$1.7 billion Ponzi-like scheme defrauds 17K-plus retail investors

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$1.7 billion Ponzi-like scheme defrauds 17K-plus retail investors

Forget about GameStop and Redditt. This week, the Securities and Exchange Commission (SEC) charged three individuals and their affiliated entities with running a Ponzi-like scheme that raised over $1.7 billion from securities issued by a New York-based asset management firm and registered investment adviser, GPB Capital. The SEC also charged GPB Capital with violating the whistleblower protection laws.

How do Ponzi schemes work?

Ponzi schemes work when investors forget the old adage, “If it sounds too good to be true…It is!”

According to the SEC’s complaint, David Gentile, the owner and CEO of GPB Capital, and Jeffry Schneider, the owner of GPB Capital’s placement agent Ascendant Capital, are alleged to have lied to investors about the source of money used to make an 8% annualized distribution payment to investors.

The complaint notes that the defendants, along with Ascendant Alternative Strategies, which marketed GPB Capital’s investments, told investors that the distribution payments were paid exclusively with monies generated by GPB Capital’s portfolio companies. However, as the SEC complaint alleges, GPB Capital used investor money to pay portions of the annualized 8% distribution payments.  GPB Capital and Gentile, assisted by Jeffrey Lash, a former managing partner at GPB Capital, also are reported to have manipulated the financial statements of certain limited partnership funds managed by GPB Capital. Their goal? To perpetuate the deception, giving the appearance that the funds’ income was closer to generating sufficient income to cover the distribution payments than it was.

Moreover, the SEC contends that GPB Capital and Ascendant Capital made misrepresentations to investors about millions of dollars in fees and other compensation received by Gentile and Schneider.  Because GPB was able to keep its investors in the dark about the limited partnership funds’ real financial condition, the firm and its owners were able to remain active for more than four.

“As alleged in our complaint,” says Richard Best, Director of the SEC’s New York Regional Office, the defendants told investors that they would be paid distributions from profits of the portfolio companies when, in reality, many of the payments were drawn from the investors’ own funds.”

All parties also failed to deliver audited financial statements or register two of the funds with the SEC. GPB Capital is alleged to have violated the securities laws’ whistleblower provisions. It included language in termination and separation agreements that impeded individuals from coming forward to the SEC and retaliating against a known whistleblower.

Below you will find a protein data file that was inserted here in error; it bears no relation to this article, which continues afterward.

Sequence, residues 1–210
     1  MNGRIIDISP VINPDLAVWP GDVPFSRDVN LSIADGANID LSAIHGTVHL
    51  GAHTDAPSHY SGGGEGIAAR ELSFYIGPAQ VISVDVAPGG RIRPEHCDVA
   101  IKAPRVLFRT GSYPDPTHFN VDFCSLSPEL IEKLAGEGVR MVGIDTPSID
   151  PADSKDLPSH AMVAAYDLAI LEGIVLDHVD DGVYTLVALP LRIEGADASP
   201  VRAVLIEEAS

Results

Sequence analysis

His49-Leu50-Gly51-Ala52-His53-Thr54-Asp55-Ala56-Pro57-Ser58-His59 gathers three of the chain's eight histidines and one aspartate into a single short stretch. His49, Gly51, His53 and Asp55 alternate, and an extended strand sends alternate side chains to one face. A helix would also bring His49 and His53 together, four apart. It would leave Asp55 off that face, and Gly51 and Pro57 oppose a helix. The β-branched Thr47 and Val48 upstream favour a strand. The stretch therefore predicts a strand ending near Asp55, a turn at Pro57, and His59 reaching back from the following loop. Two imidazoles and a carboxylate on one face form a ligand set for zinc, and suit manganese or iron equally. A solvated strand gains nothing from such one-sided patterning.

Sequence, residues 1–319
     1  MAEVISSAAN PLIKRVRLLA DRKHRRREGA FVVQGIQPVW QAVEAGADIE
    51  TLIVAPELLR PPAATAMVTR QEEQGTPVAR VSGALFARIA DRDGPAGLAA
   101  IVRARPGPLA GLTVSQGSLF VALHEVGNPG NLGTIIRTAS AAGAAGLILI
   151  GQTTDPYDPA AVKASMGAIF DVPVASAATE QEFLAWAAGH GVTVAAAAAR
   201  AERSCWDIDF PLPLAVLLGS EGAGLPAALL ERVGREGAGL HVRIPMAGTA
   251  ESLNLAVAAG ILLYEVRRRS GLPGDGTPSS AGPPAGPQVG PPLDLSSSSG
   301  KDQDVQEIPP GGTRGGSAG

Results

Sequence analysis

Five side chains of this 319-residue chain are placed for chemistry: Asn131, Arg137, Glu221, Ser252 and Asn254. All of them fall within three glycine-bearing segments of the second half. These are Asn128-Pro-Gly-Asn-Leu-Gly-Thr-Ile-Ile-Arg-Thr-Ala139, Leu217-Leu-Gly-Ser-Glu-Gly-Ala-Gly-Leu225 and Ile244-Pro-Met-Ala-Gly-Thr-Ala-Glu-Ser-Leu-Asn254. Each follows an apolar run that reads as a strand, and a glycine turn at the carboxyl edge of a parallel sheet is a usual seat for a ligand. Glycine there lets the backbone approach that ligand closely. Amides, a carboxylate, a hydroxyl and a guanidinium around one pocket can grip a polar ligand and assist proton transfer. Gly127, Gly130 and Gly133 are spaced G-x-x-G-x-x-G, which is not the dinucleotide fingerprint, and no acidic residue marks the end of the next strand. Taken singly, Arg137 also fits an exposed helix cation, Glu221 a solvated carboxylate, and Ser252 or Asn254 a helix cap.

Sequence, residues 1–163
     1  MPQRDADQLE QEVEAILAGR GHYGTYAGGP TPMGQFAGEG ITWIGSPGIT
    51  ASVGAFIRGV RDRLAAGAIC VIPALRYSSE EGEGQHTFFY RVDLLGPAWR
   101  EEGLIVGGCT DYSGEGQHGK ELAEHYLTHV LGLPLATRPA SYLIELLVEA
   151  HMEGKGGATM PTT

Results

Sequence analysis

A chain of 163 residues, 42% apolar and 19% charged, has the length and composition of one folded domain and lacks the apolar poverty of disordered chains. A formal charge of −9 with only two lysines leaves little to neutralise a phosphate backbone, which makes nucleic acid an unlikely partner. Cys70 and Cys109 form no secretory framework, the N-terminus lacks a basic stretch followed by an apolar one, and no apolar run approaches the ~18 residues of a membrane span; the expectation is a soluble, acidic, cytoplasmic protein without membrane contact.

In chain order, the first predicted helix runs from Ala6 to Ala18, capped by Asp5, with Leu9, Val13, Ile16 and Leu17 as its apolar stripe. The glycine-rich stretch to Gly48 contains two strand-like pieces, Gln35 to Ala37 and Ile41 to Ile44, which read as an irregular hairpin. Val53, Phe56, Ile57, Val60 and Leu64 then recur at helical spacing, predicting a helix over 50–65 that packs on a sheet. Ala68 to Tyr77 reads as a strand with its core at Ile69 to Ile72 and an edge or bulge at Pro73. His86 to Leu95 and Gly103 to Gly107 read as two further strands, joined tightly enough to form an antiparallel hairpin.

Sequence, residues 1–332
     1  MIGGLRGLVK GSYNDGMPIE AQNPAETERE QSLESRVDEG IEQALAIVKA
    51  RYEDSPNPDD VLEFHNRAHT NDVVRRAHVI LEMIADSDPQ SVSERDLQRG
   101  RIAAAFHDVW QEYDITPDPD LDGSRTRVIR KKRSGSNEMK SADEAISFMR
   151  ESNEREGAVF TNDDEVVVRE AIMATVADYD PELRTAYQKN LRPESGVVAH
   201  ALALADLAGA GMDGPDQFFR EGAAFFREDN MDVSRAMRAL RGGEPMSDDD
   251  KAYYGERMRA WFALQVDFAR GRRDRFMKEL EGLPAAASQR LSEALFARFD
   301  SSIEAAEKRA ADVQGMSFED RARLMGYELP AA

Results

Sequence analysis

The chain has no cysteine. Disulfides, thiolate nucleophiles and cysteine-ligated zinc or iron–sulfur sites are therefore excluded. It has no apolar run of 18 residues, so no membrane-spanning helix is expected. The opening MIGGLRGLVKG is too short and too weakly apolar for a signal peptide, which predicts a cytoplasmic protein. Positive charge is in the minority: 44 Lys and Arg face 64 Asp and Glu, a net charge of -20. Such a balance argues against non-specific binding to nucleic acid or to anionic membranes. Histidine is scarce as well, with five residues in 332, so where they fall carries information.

Jane Norberg, Chief of the SEC’s Office of the Whistleblower, concurs, adding, “The charges filed today reinforce the Commission’s commitment to protecting whistleblowers from retaliation and attempts to stifle the free flow of information to the Commission about possible securities law violations.”

How did this Ponzi scheme work?

From April 2014 through December 2018, GPB Capital served as the general partner and/or manager for the following limited partnership funds:

  • Automotive Portfolio,
  • Holdings I,
  • Holdings II,
  • Waste Management, and
  • Cold Storage.

The principal purpose of each Fund is to acquire interests, whether equity, debt, or otherwise, in income-producing, middle-market private companies (the Portfolio Companies) and to provide managerial and operations assistance to the Portfolio Companies.

Typically, investments in the Funds (in the form of limited partnership interests) are primarily governed by two documents:

  • A private placement memorandum (PPM), which describes the terms of the offering; and
  • An agreement of limited partnership (LPA).

Since 2014, GPB Capital regularly revised the PPMs and LPAs for each Fund.

GPB Capital marketed its investments exclusively through Ascendant Capital and AAS (and, before March 2017, Broker-Dealer 1), which, in turn, promoted the investments to dozens of broker-dealers nationwide –the downstream broker-dealers.

Fund investors paid substantial fees and expenses, specifically, 11% in selling fees (i.e., commissions, due diligence fees, placement fees, wholesaling fees), and annual fees including a 2% management fee, 1.25% in organizational expenses, a 1.75% – 2.875% acquisition fee, and an undisclosed amount of partnership expenses.

In total, from August 2013 to March 2019:

  • the Funds had recorded approximately $79 million in management fees paid and payable to GPB Capital;
  • investors paid $599,000 in acquisition fees to GPB Capital and $26 million in acquisition fees to Broker-Dealer 1 and AAS; and finally,
  • Ascendant Capital, its affiliated broker-dealers (i.e., AAS and Broker-Dealer 1), and the downstream broker-dealers received approximately $187 million in selling fees.

Investor returns followed typical Ponzi scheme forms.

The SEC’s complaint, filed in federal court for the Eastern District of New York, charges Gentile, Schneider, GPB Capital, Ascendant Alternative Strategies, and Ascendant Capital with violating the antifraud provisions of the Securities Act of 1933 and the Securities Exchange Act of 1934. It also charges Lash with aiding and abetting specific violations.  The complaint also charges GPB Capital and Gentile with violating the antifraud provisions of the Investment Advisers Act of 1940 and charges GPB Capital with violating the registration and whistleblower provisions of the Exchange Act and the Advisers Act’s custody and compliance rules.  The complaint seeks disgorgement of ill-gotten gains plus prejudgment interest and penalties.

Where was compliance?

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